Beltracchi’s ‘Salvator Mundi’ — Notorious Art Forger Banned from Selling at Galleries Steps Into the NFT Game – Blockchain Bitcoin News

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Beltracchi’s ‘Salvator Mundi’ — Notorious Art Forger Banned from Selling at Galleries Steps Into the NFT Game – Blockchain Bitcoin News

While the world of non-fungible token (NFT) assets continues to swell, the notorious artist and art forger Wolfgang Beltracchi has joined the NFT industry with a collection of NFTs called “The Greats.” Beltracchi is well known for admitting that he forged hundreds of paintings and sold the artworks in the name of the original famed artists like Heinrich Campendonk, Fernand Léger, and Max Ernst.

Wolfgang Beltracchi Introduces ‘The Greats’ Collection

An infamous artist who got caught selling forged art from some of the world’s most beloved artists, Wolfgang Beltracchi, is jumping into the fray of non-fungible token (NFT) collectibles. The German art forger and his wife admitted to selling artworks from 14 different pieces that sold for roughly $45 million. However, Beltracchi claimed to have re-created the works of “about 50 artists” and also said his profits exceeded $100 million. After a 2011 trial in Germany, Beltracchi was found guilty and served a touch over three years for his crimes. The forger and his wife were also forced to pay millions in restitution.

Beltracchi’s ‘Salvator Mundi’ — Notorious Art Forger Banned from Selling at Galleries Steps Into the NFT Game
Wolfgang Beltracchi.

Now Beltracchi has dropped a new website called greats.art, which is described as “a digital journey through the history of art.” When Beltracchi was caught he forged the work stemming from famous artists such as Max Ernst, Heinrich Campendonk, Fernand Léger and Kees van Dongen.

His latest NFTs will be re-creations as well and take from the art of Leonardo da Vinci’s alleged “Salvator Mundi” piece, and more. “We present to you the first-ever digital fine art collection by the most prolific art forger of the 20th century, Wolfgang Beltracchi,” the greats.art web portal notes. The website adds:

The artist takes you on a journey through the history of art by recreating Leonardo da Vinci’s alleged Salvator Mundi, channeling the styles of seven masters including Picasso, Van Gogh, Da Vinci, and more. ‘The Greats’ is divided into over 30 individual series based on 7 different eras in art history. The collections consist of a total of 4,608 original digital artworks.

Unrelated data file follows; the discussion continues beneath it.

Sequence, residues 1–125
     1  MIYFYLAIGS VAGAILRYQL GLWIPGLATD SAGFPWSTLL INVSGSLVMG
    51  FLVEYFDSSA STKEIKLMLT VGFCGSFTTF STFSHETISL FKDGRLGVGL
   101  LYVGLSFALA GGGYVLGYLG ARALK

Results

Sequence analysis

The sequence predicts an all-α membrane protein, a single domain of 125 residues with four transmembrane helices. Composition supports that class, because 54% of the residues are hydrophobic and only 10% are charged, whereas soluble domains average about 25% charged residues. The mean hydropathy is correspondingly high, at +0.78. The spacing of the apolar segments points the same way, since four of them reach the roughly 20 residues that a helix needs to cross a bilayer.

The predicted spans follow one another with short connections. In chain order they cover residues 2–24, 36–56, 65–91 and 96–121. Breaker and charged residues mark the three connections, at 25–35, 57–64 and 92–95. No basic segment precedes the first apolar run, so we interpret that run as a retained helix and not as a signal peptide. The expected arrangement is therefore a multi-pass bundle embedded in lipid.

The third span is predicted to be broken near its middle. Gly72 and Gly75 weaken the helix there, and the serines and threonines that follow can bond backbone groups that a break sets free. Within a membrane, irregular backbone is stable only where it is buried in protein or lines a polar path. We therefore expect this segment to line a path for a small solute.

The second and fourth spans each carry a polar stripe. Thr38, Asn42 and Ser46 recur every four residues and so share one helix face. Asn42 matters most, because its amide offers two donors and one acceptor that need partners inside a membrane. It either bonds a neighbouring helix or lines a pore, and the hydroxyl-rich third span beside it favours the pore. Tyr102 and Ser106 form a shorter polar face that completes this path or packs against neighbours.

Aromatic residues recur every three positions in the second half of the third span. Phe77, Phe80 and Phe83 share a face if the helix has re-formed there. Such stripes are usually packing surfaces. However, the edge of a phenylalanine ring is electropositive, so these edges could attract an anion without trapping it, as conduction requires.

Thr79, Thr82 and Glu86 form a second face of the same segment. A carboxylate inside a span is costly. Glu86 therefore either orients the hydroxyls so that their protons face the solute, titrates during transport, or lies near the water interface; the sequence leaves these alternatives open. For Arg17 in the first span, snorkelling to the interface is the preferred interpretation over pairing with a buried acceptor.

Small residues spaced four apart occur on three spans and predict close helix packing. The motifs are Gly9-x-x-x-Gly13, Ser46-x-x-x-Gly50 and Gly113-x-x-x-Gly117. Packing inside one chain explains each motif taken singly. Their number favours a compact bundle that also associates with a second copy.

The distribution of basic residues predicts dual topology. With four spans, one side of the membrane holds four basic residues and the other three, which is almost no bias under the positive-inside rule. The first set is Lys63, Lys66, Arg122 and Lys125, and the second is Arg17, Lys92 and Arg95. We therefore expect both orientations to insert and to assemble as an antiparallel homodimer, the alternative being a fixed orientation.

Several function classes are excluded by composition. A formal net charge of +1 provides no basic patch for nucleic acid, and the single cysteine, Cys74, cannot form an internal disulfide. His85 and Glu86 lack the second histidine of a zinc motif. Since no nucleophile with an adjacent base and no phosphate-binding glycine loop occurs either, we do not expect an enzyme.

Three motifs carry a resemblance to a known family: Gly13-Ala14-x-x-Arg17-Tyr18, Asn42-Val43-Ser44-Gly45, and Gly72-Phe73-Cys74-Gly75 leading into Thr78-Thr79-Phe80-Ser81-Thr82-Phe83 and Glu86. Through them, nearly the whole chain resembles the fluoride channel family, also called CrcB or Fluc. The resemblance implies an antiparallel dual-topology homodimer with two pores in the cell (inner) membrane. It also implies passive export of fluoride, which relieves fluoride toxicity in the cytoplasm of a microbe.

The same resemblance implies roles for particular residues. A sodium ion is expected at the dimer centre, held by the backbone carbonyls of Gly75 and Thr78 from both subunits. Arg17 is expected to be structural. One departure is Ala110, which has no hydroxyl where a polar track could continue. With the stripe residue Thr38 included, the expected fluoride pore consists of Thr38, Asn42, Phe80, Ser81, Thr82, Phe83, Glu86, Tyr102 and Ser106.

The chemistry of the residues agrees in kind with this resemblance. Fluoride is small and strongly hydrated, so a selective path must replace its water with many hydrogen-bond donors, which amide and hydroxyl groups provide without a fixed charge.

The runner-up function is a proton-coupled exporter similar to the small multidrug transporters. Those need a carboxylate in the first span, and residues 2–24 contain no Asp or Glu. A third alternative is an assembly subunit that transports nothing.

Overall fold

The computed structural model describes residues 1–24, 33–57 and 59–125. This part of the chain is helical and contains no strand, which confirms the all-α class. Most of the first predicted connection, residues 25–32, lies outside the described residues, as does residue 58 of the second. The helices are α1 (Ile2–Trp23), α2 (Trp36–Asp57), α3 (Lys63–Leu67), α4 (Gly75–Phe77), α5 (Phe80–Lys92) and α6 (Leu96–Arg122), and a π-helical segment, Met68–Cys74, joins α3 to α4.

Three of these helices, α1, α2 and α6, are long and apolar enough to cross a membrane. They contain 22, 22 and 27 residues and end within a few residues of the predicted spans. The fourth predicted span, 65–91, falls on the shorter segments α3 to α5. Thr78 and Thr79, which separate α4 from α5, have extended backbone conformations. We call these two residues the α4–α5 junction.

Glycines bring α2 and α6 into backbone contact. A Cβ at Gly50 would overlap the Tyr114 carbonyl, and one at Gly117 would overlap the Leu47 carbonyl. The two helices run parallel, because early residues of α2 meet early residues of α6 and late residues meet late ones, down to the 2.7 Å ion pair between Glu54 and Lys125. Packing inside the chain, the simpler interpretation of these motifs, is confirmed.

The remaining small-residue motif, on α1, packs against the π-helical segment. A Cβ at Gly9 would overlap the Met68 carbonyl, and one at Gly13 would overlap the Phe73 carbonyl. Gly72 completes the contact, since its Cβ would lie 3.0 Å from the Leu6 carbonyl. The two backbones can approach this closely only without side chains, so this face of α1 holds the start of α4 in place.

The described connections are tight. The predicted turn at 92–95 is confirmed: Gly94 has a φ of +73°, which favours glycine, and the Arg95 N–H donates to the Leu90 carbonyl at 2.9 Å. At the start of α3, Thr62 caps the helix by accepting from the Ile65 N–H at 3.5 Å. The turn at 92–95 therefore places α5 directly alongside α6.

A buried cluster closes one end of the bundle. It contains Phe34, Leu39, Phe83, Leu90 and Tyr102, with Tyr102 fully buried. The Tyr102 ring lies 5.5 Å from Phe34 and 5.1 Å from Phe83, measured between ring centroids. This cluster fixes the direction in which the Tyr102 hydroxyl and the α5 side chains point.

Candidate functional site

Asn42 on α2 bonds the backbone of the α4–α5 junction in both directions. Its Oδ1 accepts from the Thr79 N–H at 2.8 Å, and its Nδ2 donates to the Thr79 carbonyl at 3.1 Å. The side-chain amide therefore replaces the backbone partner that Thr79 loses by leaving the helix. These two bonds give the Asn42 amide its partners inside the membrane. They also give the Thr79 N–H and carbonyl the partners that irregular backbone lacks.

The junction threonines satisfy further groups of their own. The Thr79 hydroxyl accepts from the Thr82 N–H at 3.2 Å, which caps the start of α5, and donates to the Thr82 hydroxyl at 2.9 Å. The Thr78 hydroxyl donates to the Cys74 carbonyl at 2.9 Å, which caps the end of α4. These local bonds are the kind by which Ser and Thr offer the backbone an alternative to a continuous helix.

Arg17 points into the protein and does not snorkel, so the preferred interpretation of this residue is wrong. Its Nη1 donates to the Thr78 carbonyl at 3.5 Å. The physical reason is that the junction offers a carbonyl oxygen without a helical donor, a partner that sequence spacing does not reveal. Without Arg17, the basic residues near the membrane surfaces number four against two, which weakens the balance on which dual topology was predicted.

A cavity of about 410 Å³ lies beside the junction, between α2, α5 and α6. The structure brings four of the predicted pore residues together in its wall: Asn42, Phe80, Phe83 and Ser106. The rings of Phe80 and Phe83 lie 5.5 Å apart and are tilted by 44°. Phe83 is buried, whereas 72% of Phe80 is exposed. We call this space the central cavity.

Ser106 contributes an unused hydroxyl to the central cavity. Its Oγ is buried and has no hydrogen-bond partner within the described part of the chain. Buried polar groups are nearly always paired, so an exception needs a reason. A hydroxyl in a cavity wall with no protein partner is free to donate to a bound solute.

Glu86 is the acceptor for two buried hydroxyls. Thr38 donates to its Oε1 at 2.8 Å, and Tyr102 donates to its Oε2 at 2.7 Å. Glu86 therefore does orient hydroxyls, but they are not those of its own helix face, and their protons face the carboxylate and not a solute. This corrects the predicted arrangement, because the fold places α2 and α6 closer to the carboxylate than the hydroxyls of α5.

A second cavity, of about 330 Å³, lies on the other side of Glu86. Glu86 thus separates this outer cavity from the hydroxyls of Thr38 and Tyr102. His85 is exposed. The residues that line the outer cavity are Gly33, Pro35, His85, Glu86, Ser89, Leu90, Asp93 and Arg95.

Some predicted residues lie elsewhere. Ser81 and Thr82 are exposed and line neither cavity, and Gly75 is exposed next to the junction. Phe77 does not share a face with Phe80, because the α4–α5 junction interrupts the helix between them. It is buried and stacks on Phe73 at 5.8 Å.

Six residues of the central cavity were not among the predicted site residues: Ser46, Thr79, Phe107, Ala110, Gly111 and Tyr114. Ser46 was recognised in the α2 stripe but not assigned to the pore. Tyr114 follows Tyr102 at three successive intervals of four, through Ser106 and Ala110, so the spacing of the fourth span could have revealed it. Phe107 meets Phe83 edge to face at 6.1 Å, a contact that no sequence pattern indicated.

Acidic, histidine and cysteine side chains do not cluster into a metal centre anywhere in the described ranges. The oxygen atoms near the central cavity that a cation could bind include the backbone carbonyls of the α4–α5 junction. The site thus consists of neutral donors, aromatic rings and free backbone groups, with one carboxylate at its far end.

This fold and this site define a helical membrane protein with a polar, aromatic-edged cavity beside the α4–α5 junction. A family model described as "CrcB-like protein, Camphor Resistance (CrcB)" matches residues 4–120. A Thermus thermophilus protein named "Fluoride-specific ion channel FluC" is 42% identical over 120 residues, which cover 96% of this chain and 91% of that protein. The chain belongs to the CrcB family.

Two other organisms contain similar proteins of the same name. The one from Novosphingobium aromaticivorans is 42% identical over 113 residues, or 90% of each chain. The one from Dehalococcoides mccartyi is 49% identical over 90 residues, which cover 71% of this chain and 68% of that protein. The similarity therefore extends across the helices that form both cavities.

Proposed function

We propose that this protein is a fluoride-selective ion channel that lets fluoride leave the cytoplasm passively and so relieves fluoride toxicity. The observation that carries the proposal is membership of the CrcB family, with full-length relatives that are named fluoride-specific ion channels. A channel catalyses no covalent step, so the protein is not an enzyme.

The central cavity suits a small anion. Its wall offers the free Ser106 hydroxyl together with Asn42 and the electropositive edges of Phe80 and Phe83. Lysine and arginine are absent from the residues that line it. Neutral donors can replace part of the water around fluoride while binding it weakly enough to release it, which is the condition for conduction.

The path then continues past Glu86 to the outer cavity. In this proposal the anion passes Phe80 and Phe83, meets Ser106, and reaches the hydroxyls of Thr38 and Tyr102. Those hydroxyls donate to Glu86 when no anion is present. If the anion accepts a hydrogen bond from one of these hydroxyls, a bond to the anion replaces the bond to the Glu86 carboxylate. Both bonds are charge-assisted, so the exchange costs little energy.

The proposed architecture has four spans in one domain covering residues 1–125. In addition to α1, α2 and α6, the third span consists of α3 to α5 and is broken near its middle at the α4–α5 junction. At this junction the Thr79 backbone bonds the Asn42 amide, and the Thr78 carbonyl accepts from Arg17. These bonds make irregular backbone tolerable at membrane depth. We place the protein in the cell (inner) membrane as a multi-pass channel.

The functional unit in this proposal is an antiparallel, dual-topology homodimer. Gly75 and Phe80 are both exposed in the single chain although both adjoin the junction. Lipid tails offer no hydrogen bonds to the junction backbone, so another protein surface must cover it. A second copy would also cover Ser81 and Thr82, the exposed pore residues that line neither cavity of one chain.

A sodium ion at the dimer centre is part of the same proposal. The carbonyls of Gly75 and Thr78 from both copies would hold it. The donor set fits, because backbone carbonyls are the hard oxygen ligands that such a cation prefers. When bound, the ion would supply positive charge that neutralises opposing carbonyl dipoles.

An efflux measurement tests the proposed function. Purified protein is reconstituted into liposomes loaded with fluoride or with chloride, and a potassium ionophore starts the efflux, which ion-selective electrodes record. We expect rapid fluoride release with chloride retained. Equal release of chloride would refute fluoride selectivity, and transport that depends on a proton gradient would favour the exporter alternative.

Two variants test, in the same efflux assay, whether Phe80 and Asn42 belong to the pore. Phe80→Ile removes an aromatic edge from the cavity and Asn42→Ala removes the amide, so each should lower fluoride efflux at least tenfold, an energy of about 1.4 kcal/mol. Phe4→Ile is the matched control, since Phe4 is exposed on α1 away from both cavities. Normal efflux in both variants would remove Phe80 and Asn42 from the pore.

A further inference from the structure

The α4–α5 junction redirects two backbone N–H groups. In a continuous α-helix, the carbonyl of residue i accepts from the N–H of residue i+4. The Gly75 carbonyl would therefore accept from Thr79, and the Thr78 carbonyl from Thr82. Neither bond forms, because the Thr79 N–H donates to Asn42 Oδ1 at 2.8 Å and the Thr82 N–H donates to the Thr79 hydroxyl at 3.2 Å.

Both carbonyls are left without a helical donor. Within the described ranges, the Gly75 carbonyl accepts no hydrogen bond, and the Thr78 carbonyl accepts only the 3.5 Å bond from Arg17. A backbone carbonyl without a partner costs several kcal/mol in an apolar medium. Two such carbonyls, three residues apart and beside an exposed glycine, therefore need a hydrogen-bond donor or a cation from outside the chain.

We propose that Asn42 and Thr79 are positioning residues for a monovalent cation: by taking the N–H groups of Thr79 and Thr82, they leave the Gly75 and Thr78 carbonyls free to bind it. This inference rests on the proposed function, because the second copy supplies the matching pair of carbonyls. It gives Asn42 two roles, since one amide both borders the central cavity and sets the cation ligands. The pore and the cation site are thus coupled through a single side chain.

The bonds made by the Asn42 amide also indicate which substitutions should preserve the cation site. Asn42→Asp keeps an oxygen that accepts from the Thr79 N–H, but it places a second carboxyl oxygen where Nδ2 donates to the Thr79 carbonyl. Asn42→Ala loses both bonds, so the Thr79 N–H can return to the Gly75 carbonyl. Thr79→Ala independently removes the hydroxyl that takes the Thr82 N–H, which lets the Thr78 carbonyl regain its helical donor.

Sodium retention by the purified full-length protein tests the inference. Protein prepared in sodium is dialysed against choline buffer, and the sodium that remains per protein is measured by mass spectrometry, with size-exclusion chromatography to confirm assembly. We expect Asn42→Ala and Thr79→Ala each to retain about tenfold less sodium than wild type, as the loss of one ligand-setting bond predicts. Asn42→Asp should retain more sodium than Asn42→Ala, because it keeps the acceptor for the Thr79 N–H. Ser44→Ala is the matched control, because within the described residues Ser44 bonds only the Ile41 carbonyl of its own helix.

The Most Controversial Artist and the World’s Most Expensive Artwork

Beltracchi also appears in a Youtube video that explains “The Greats” NFT collection in greater detail. The artist is one of the most controversial artists in the world and the “Salvator Mundi” is the most expensive piece of artwork ever sold worldwide. Back in 2017, the “Salvator Mundi” sold for $450 million to the Saudi Arabian crown prince Mohammed bin Salman.

The forger’s website notes that the “traditional art elite wants to bury Beltracchi” and make his artwork a forgotten memory. Beltracchi claims that since he was arrested he has been banned from selling at famous auction houses, museums, and art galleries.

“It is in the art establishment’s utmost interest to maintain the status quo, and to continue to dictate what is and what isn’t art,” the greats.art website explains. “This is why we utilize the Internet and the Ethereum blockchain to give the world unrestricted access to one of the last living old masters of our time.”

What do you think about art forger Wolfgang Beltracchi dipping into the waters of non-fungible token (NFT) collectibles? Let us know what you think about this subject in the comments section below.

Tags in this story
50 artists, art forger, Beltracchi, Blockchain, ETH, ether, Ethereum blockchain, fakery, fakes, famous artists, Fernand Léger, forgery, Heinrich Campendonk, Kees van Dongen, Leonardo da Vinci, Max Ernst, nft, NFT collection, NFTs, Non-fungible Token, notorious art forger, recreate, recreation, Salvator Mundi, traditional art, Wolfgang Beltracchi

Image Credits: Shutterstock, Pixabay, Wiki Commons, greats.art website,

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